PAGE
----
Many people have dreamed about autonomous vehicles for a long time, with hopefuls imagining cities full of driverless vehicles that are not only safe but make commutes comfortable. But despite the excitement lasting over a decade, the progress appears minimal. In fact, many believe that despite claims that it is just around the corner, the pursuit of self-driving cars is going nowhere, even after around $100 billion has been poured into it.
The technology has attracted various companies over the years, including Google, GM, Ford, Tesla, and a massive number of startups looking to make a breakthrough. Accompanying them have been demos and promises, with plenty of confidence that things would change with one more step. Some companies have even insisted that they were already there, but the claims have never proven true.
Instead, the attempts at making the technology work have been unsuccessful, and in some cases, downright amusing. Robot cars, such as robo-taxis, struggle with basic obstacles. They are not capable of dealing with difficult weather patterns, and construction, animals, and even “unprotected left turns” prove serious problems.
While some people throw out “deep learning” as a solution, it is more memorization than actual learning. It might help these self-driving cars deal with one situation, but it might not apply to a very similar but different situation.
Birds in the middle of the street are a good example. Self-driving cars do not know that the birds will fly away as they approach, nor that other drivers know they will scatter. Therefore, an autonomous vehicle is likely to come to a stop, which could cause a traffic jam or an accident.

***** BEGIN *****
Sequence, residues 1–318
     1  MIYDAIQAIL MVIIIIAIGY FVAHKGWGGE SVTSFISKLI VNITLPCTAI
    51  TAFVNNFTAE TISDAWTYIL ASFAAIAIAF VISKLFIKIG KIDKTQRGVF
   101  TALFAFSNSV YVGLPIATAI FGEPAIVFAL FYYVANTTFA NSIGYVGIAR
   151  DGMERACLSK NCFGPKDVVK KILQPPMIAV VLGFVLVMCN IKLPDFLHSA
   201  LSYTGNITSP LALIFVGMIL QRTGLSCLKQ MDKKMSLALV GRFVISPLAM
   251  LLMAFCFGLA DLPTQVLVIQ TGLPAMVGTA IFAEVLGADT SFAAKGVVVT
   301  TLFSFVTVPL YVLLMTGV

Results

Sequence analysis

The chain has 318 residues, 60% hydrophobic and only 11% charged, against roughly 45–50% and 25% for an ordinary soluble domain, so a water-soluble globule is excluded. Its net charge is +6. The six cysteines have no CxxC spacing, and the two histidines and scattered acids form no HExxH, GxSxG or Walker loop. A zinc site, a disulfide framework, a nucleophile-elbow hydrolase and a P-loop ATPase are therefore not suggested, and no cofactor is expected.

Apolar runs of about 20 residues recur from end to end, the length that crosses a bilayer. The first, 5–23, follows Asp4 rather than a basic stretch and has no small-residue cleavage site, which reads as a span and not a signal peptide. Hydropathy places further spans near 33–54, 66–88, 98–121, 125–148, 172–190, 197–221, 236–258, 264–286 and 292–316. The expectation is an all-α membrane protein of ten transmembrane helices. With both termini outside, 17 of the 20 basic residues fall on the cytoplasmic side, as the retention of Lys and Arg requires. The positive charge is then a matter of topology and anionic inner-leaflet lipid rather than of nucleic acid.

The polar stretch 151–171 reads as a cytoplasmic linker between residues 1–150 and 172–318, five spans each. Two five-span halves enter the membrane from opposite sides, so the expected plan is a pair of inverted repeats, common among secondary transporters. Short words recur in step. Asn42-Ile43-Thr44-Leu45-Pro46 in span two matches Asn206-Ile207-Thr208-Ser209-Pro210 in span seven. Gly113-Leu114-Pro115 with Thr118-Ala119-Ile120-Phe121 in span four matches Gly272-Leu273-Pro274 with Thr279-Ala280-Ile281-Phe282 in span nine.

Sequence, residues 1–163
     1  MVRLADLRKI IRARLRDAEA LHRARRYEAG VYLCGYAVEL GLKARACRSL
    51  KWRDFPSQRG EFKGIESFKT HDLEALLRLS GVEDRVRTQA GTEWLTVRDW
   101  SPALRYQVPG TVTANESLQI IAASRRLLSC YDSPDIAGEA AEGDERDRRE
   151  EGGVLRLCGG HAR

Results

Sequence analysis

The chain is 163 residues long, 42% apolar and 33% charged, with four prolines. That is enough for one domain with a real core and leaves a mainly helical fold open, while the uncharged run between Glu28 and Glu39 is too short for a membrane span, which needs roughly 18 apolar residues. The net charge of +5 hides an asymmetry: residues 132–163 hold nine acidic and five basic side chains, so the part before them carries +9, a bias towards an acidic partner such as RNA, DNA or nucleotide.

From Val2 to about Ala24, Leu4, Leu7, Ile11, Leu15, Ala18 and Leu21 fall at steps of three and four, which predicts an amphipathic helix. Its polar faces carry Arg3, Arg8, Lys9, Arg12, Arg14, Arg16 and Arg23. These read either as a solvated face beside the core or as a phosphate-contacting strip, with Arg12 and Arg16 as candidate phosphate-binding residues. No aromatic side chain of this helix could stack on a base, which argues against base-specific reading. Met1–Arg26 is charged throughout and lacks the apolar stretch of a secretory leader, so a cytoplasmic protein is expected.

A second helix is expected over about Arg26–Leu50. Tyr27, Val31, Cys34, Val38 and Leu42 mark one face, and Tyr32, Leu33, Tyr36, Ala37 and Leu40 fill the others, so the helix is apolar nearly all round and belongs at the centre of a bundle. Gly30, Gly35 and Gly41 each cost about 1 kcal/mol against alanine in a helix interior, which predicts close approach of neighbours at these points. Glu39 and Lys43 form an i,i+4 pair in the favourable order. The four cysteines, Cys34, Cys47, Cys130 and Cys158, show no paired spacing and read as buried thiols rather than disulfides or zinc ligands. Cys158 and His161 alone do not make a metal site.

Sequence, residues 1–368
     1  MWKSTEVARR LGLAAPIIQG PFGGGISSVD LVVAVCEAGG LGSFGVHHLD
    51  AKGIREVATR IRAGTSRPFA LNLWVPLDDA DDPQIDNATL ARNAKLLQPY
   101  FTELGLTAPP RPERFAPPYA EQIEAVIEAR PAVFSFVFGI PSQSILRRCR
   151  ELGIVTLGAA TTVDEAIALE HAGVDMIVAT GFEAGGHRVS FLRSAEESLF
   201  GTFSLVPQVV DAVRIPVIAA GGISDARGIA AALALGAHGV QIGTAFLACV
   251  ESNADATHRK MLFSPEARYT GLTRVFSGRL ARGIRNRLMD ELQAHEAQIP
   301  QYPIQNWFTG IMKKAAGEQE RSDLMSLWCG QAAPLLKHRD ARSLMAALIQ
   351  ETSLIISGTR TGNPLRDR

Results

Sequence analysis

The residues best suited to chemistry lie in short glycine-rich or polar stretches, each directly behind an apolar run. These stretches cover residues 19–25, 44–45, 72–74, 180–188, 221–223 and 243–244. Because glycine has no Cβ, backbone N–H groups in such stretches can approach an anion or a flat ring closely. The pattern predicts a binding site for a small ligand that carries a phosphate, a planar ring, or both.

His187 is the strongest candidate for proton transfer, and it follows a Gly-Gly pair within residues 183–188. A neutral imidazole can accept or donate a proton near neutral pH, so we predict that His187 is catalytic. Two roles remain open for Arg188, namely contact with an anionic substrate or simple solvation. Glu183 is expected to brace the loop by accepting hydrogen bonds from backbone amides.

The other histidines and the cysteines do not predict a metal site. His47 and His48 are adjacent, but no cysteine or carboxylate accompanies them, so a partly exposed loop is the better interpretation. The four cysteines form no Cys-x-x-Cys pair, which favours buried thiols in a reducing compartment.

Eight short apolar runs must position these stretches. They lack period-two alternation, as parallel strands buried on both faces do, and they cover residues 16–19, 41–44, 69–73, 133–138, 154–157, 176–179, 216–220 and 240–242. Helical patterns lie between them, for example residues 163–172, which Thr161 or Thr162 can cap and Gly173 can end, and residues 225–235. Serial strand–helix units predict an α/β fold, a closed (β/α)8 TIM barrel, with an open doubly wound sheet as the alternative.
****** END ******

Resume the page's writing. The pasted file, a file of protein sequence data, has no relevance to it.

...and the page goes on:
Moreover, birds are one of many “edge cases” that AI is not equipped to handle. It has the potential to turn ordinary situations on the road into something worse. That is part of the reason self-driving companies have taken to shortcuts, running simulations inside data centers and using that data to pad mileage and safety statistics.
George Hotz, the founder of startup Comma.ai, said, “It’s a scam.” He commented about how self-driving companies “squandered tens of billions of dollars,” and it does seem that way when you look at the numbers.
According to a McKinsey & Co. report, investors have spent around $100 billion on the field, and all there is to show for it are demos. Well, that and amusing videos on the internet depicting self-driving cars getting confused in ordinary traffic. On the side of fairness, there has been improvement, but it is not visible, and it is nowhere close to the “just around the corner” enthusiasm of many big players.
It does not help that humans are incredible drivers, which Hotz also spoke about. After all, for every 100 million miles driven in the US, there is only around one traffic death. Moreover, most are caused by reckless behavior. On the other hand, the data seems to suggest self-driving cars are involved in accidents more frequently than people, and that is with safer testing environments.
Hotz is not the only outspoken individual. A pioneer of the self-driving industry, Anthony Levandowski, also shared his opinions. He pointed out that “You’d be hard-pressed to find another industry that’s invested so many dollars in R&D and that has delivered so little.”
Levandowski went on to say, “We’re going to get there at some point. But we have such a long way to go.”
Maybe that is the truth. Perhaps we will get there, and perhaps it will be sooner than anyone thinks. But until then, it begs the question of how much more time and energy will go toward the pursuit of self-driving cars before anything comes of it.